Dr. Sissades said Biobank actively collaborates with other government institutions working on conservation and biodiversity. Biobank provides specialized storage equipment, while the Department of National Parks, Wildlife and Plant Conservation, the Royal Forest Department, and the Ministry of Natural Resources and Environment are responsible for conserving deposited biomaterials in their original areas.

The collection of biomaterials can happen in many ways. Plants may be collected as seeds, tissue culture, embryo cryopreservation and even dried specimens. Microorganisms, meanwhile, may be stored at room temperature or sub-zero temperatures.

“There is no single method that works with all plants, animals and microorganisms. Large plants with significant amounts of protein and fat, for example, cannot be stored in a cold room for a long time because when frozen, their cells will disintegrate and their tissue will be damaged,” Mr. Sissades explained, “That’s why we have to use diverse and tailored collection methods.”

Storage for Enhanced Knowledge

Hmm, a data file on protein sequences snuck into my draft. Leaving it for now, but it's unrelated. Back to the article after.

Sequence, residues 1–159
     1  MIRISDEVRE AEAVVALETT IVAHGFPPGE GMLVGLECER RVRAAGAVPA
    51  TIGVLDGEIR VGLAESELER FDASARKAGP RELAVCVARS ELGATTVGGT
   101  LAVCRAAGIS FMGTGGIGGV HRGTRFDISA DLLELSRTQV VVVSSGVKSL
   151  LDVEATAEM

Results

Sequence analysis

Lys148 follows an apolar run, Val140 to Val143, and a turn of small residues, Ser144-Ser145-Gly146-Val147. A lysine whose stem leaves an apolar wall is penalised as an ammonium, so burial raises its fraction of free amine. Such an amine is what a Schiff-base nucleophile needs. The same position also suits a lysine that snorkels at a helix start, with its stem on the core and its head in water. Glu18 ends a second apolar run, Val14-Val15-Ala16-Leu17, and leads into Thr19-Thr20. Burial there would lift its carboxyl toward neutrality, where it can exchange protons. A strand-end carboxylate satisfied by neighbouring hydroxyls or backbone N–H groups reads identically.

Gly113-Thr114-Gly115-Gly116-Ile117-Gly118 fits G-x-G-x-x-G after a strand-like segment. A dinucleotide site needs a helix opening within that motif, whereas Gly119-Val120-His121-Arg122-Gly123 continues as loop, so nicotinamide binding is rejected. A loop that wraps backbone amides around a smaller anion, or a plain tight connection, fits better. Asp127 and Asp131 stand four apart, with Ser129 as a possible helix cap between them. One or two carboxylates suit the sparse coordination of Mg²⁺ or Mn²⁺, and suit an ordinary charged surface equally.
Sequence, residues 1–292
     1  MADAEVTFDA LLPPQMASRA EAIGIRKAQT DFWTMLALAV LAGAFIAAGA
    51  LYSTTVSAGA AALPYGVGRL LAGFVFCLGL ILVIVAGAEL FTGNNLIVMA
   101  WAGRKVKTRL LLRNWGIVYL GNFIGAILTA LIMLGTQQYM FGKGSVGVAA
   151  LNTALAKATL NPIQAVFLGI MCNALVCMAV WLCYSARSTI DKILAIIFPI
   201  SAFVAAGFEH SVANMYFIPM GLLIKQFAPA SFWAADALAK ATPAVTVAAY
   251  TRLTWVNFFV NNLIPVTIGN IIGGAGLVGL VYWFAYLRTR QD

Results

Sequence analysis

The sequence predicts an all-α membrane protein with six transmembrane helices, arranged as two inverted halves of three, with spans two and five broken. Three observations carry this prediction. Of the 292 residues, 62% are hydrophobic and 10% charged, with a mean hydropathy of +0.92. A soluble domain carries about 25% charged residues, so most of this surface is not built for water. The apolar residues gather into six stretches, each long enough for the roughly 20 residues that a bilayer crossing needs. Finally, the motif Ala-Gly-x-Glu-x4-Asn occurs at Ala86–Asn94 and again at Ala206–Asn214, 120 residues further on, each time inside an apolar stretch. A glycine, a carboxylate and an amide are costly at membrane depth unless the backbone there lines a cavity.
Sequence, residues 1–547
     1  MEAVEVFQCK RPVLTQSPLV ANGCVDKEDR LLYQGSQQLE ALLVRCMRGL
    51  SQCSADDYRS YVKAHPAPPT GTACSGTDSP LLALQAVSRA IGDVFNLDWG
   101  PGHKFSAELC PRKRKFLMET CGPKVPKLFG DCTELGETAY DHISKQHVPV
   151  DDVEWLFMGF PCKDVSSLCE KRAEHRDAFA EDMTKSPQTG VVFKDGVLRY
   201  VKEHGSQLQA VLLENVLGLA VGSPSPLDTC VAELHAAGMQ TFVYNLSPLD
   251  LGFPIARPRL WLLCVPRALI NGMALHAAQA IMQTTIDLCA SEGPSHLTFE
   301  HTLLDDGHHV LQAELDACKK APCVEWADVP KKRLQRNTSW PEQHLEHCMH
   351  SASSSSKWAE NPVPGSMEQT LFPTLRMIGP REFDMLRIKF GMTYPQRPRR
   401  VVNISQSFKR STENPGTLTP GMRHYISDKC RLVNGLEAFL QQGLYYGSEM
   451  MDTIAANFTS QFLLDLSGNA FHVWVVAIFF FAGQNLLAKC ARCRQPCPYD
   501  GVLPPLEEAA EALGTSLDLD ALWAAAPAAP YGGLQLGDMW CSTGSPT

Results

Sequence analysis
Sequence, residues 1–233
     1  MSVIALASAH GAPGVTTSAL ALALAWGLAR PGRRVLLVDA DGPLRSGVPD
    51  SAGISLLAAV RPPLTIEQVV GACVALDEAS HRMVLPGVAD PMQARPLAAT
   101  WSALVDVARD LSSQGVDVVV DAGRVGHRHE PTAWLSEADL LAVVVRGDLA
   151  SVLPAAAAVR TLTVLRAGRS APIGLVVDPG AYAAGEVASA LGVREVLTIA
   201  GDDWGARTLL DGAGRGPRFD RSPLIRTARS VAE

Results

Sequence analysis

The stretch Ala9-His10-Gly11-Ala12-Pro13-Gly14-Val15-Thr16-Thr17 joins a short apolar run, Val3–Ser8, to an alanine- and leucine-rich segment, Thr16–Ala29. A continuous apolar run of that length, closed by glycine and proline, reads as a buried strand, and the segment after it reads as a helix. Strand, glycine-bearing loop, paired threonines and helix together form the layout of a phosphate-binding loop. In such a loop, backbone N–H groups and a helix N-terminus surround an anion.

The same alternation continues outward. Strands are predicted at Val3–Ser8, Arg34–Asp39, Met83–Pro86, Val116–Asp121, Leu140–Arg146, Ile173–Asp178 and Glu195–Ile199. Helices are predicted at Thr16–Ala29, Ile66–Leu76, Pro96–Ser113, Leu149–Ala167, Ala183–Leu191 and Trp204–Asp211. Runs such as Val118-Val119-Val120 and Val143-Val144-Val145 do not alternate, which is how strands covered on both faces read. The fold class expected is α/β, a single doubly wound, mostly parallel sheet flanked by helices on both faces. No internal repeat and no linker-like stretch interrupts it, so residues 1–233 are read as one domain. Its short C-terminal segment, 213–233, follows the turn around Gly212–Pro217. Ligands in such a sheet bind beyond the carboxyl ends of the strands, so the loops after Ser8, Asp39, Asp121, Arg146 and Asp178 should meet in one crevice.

Presently, Biobank has already stored specimens of more than 200 species and 2,000 of their subspecies. Specimens can be divided into two main categories: 1) plants from the Endangered List; and 2) plants from enhanced breeding methods, such as those being crossbred to acquire special characteristics – the latter group includes riceberry, drought-resistant rice, and salinity-resistant rice. The storage by Biobank aims to retain the original properties of each species or subspecies, allowing Thailand to maintain its biodiversity advantage in the future.

Partners interested in storing specimens must sign an agreement with Biobank. Under the agreement, specimens will not be withdrawn for use except in the event of a national need, such as for environmental-rehabilitation purposes. Once the agreement is signed, Biobank will check the origin and properties of the specimens and verify their genetic information before putting them in storage.

“As the country’s Biobank, we are the collector of Thailand’s treasures that will be used for sustainable benefits at the right time. We also serve as an important source of references and upgrades for national interests,” Mr. Sissades continued.

Biological Understanding is Key

Leveraging its biotech expertise and supporting Thailand’s key biological infrastructure, NSTDA has engaged BIOTEC in “Smart Farm Research Project: Case Study of Lingzhi Mushroom”. The project’s Phase 2 is now ongoing, with Thitiya Boonpratuang, leader of the Mushroom Research Team at Biobank, on board.